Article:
Naomi Wolf — the feminist Jewish author of the bestselling landmark book, “The Beauty Myth,” which brazenly exposes how the multi-billion dollar beauty industry manipulates women’s entire sense of self — is gorgeous. For two decades now, the brilliant and outspoken Wolf has decried cosmetics, plastic-surgery and hair removal businesses while appearing, let’s just say, well made-up.
She’s a bit of an enigma that way – lipstick feminism decrying lipstick. I suppose all writers really do write about our own lives, whether or not we have fully escaped those societal traps we wish to unveil. Or maybe Wolf simply reminds us to look past the packaging and focus on the message. The New York Observer is now reporting that she is “going back to her roots” and has just gotten a book deal to write a cultural history of the vagina.
In any case, Wolf’s paradoxical stance has recently gotten her into some trouble. In this essay in the Sydney Morning Herald, Wolf extols the sexual virtues of the hijab, using rhetoric with strong echoes of Orthodox Judaism:
Muslim attitudes toward women’s appearance and sexuality are not rooted in repression, but in a strong sense of public versus private, of what is due to God and what is due to one’s husband. It is not that Islam suppresses sexuality, but that it embodies a strongly developed sense of its appropriate channelling - toward marriage, the bonds that sustain family life, and the attachment that secures a home…. In the context of marital intimacy, Victoria’s Secret, elegant fashion and skin care lotions abounded. The bridal videos that I was shown, with the sensuous dancing that the bride learns as part of what makes her a wonderful wife, and which she proudly displays for her bridegroom, suggested that sensuality was not alien to Muslim women. Rather, pleasure and sexuality, both male and female, should not be displayed promiscuously - and possibly destructively - for all to see. Many Muslim women I spoke with did not feel at all subjugated by the chador or the headscarf. On the contrary, they felt liberated from what they experienced as the intrusive, commodifying, basely sexualising Western gaze.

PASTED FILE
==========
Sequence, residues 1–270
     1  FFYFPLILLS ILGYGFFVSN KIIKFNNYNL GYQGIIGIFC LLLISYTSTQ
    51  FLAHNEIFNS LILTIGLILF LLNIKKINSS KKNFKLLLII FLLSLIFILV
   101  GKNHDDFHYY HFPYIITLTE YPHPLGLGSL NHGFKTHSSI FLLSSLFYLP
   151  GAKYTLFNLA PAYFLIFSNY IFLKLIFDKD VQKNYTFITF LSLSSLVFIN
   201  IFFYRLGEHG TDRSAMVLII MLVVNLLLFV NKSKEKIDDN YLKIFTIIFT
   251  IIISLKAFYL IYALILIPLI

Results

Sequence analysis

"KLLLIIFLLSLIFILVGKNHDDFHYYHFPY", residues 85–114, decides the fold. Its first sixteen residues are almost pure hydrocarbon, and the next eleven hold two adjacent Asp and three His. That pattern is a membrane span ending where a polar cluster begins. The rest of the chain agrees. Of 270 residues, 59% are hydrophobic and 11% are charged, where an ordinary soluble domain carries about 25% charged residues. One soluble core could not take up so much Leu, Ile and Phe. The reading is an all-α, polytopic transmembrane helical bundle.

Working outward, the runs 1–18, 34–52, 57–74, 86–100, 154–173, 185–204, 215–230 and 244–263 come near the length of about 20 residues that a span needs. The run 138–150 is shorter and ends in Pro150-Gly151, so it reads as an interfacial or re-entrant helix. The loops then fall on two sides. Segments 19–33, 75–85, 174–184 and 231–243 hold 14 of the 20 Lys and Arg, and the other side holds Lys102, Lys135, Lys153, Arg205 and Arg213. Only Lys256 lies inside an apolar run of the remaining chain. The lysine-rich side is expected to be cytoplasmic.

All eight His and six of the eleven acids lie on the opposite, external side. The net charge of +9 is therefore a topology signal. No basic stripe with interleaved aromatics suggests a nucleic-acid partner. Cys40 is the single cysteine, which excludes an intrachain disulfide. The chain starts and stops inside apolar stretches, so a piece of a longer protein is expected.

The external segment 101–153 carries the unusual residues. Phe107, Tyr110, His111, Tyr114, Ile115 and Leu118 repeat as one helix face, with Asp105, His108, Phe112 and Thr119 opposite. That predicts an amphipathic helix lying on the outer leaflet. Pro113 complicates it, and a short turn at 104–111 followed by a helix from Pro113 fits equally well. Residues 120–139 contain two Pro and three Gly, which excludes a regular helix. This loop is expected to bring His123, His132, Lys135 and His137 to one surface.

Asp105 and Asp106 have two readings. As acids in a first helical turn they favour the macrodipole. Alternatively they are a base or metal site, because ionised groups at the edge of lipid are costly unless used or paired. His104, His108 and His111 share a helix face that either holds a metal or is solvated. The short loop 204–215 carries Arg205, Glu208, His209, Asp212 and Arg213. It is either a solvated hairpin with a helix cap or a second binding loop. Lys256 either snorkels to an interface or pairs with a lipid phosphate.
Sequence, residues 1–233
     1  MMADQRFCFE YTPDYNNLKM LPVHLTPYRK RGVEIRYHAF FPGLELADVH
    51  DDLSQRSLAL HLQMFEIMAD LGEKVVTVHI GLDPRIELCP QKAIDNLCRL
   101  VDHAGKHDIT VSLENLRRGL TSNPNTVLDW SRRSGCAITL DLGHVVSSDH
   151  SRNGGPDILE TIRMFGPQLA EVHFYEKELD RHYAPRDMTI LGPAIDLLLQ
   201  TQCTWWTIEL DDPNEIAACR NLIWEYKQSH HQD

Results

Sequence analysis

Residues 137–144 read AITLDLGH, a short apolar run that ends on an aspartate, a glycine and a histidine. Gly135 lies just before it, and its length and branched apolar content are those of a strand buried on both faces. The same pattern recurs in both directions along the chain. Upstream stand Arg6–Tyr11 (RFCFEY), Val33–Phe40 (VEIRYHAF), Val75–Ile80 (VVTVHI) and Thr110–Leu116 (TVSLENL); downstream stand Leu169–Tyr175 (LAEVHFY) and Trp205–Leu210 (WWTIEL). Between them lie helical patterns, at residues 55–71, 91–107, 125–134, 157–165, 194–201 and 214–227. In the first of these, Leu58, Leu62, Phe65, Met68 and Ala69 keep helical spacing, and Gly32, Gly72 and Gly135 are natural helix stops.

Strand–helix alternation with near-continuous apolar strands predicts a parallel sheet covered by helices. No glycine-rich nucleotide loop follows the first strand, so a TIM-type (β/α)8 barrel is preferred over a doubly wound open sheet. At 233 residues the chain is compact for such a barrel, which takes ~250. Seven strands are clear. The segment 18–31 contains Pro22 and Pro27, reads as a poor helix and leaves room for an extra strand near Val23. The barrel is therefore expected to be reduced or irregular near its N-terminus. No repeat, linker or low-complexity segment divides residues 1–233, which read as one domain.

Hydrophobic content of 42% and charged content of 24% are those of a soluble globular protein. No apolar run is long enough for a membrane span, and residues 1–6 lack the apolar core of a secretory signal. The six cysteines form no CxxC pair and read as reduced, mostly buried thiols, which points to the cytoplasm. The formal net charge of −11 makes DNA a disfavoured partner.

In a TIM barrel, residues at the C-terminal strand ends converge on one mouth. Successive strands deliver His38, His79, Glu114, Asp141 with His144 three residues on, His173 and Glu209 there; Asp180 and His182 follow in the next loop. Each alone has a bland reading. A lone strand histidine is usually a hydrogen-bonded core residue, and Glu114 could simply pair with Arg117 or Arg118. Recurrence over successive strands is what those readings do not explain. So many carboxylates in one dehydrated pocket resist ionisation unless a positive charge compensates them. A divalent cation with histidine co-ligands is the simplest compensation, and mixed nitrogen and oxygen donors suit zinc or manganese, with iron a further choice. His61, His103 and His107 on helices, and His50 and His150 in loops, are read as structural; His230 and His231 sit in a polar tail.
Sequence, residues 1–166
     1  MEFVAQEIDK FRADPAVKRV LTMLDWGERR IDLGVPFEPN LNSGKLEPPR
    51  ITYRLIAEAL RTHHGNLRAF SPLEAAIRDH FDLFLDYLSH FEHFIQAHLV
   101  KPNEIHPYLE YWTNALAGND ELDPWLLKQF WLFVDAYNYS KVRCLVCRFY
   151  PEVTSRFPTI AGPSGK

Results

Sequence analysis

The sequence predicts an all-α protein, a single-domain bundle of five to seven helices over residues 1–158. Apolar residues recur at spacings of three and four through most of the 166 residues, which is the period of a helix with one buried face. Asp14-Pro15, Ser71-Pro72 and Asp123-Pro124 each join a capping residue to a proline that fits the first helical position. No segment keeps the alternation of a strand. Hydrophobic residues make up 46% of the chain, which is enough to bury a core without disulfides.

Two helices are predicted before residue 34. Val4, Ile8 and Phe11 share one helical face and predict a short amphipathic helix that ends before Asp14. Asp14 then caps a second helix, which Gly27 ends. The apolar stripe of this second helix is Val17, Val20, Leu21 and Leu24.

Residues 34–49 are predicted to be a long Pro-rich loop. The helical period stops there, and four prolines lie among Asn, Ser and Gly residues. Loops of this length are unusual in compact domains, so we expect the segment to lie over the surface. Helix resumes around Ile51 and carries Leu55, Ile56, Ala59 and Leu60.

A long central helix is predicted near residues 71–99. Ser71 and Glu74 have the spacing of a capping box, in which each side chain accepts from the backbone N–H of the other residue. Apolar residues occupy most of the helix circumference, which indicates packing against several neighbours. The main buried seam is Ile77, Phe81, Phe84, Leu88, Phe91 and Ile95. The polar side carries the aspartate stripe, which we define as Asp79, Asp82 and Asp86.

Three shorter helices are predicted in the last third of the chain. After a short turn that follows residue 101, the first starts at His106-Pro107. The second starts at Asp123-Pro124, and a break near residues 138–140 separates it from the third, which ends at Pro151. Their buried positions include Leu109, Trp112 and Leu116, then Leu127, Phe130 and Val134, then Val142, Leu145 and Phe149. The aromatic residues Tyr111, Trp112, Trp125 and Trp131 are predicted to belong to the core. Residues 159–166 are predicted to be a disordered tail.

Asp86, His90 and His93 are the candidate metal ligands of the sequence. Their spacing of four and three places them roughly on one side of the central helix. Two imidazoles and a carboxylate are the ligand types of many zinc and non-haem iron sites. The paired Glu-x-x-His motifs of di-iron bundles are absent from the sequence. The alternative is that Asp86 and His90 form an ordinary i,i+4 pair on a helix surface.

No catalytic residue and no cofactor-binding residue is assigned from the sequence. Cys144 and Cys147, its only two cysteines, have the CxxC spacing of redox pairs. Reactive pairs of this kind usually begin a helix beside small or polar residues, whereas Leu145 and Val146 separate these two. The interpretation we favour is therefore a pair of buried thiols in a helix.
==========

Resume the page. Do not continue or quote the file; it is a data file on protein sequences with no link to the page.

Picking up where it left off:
I wonder how many women read this with envy, resolving to take on the sharia [Islamic legal] equivalent of tznius in order to improve their sex lives.
Hardly surprising, many feminists reading Wolf were not impressed. In particular, Phyllis Chesler, another outspoken author who more decisively identifies with Jewish feminism, blasted Wolf in her blog:
Most Muslim girls and women are not given a choice about wearing the chador, burqa, abaya, niqab, jilbab, or hijab (headscarf), and those who resist are beaten, threatened with death, arrested, caned or lashed, jailed, or honor murdered by their own families. Is Wolfe thoroughly unfamiliar with the news coming out of Afghanistan, Pakistan, Iran, Saudi Arabia, and Sudan on these very subjects? Has she forgotten the tragic, fiery deaths of those schoolgirls in Saudi Arabia who, in trying to flee their burning schoolhouse, were improperly veiled and who were beaten back by the all-powerful Saudi Morality Police?